A denture or “plate” is used to replace missing or extracted teeth. They are made from acrylic or metal covered with acrylic and can replace from one to all of your teeth. They improve your bite, help you to eat and improve your smile and appearance. Where your denture is supported by your natural teeth, it is called a partial (“part”) denture. It may clip onto your remaining teeth with metal clasps which help to reduce any movement. In some cases, a metal (covered with acrylic) denture is an option and this is made from a cobalt-chromium mix. It is important to replace extracted/ missing teeth to avoid movement in your remaining teeth and changes to your bite which may make restoring your bite/ smile more difficult in the future.
If you require teeth to be taken out, and have been advised to have a temporary denture fitted while healing occurs, an “immediate” denture will be provided. This is made in the weeks leading up to extractions and can be fitted as soon as your teeth are extracted but may require adjustment / replacement as gum shrinkage occurs, as the gum heal, and the denture will not fit as tightly as it did when fitted. This happens over a period of 6 months.
You may find that the new denture feels different and takes a couple of weeks to “bed in”. This is common with alterations in your mouth as your tongue is very sensitive to small amounts of change, as you will know if you have ever had food stuck between your teeth. This may also alter your speech slightly, as your mouth becomes familiar with your new bite, This is common and usually disappears relatively quickly. However, if, after this time, you feel your denture needs some adjustment, perhaps due to discomfort, consult your dentist for advice. A denture adhesive and wearing it as much as possible, in the first few weeks, will help your denture to feel more comfortable in the longterm. If your denture should require adjustment, please make sure to wear it, when possible, in the days leading up to your adjustment appointment. This will help your dentist to best diagnose the problem and provide relief as quickly as possible.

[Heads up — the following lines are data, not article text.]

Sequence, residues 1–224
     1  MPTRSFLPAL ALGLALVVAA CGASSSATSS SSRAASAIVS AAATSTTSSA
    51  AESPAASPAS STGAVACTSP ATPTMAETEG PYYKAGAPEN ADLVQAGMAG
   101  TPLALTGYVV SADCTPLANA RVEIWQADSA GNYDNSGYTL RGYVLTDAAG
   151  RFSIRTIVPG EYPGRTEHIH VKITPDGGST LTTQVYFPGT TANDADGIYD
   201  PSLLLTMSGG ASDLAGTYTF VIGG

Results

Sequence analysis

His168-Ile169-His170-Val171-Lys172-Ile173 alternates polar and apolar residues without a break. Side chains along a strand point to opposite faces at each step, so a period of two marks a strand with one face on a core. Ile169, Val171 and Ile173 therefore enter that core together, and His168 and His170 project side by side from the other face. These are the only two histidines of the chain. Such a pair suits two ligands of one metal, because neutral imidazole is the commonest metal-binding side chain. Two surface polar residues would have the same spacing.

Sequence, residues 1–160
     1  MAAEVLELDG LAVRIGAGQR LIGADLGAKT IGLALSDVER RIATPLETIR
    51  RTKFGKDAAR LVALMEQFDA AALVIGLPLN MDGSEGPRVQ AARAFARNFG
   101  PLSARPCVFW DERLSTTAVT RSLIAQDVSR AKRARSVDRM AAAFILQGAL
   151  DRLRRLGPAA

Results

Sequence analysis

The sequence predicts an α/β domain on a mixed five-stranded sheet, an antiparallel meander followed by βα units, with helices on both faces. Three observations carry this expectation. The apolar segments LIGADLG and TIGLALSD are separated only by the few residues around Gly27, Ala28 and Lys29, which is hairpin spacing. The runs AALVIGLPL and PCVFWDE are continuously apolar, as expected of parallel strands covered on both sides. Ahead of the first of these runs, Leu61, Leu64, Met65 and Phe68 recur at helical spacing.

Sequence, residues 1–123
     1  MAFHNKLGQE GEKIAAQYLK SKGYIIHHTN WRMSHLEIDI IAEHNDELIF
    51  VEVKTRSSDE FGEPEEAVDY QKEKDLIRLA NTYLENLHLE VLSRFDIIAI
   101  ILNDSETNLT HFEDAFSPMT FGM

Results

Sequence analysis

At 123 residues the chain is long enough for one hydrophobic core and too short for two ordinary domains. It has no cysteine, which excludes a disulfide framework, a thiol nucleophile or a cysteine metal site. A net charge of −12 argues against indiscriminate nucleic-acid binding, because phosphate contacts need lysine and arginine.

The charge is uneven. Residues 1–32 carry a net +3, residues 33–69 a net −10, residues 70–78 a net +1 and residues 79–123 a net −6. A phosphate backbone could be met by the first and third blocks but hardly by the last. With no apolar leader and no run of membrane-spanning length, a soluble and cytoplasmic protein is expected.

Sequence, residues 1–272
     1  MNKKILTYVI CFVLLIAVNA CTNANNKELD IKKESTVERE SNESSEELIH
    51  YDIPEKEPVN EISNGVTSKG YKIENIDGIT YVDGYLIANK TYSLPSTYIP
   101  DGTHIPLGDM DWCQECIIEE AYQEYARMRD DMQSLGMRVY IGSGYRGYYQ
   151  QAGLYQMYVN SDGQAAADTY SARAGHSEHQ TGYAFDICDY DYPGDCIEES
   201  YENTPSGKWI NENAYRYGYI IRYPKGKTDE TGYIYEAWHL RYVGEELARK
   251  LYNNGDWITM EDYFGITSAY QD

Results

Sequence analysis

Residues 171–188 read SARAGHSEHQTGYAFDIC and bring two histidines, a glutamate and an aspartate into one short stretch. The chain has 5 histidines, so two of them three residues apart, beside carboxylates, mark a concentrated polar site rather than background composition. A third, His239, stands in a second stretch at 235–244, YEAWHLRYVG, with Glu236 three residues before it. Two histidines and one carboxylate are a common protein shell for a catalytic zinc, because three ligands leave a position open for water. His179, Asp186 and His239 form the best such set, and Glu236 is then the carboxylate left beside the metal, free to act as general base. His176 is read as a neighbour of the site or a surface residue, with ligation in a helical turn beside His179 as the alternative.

If you have lost all your teeth, a complete ( “full”) denture will be provided for your upper and lower jaw and is made from acrylic. Where there is not enough bone support available, the lower denture may be dislodged by the tongue while eating / speaking. This can be reduced by using a dental adhesive.You should still attend your dentist for 6 monthly check ups as your dental team will check for problems with your denture, mouth infections and screen for early signs of mouth cancer.
Dentures vary in cost depending on their size and the material they are made from. Prices of different denture types are shown on the “Info” tab.
Implants or bridges may be available if you are unable to tolerate dentures.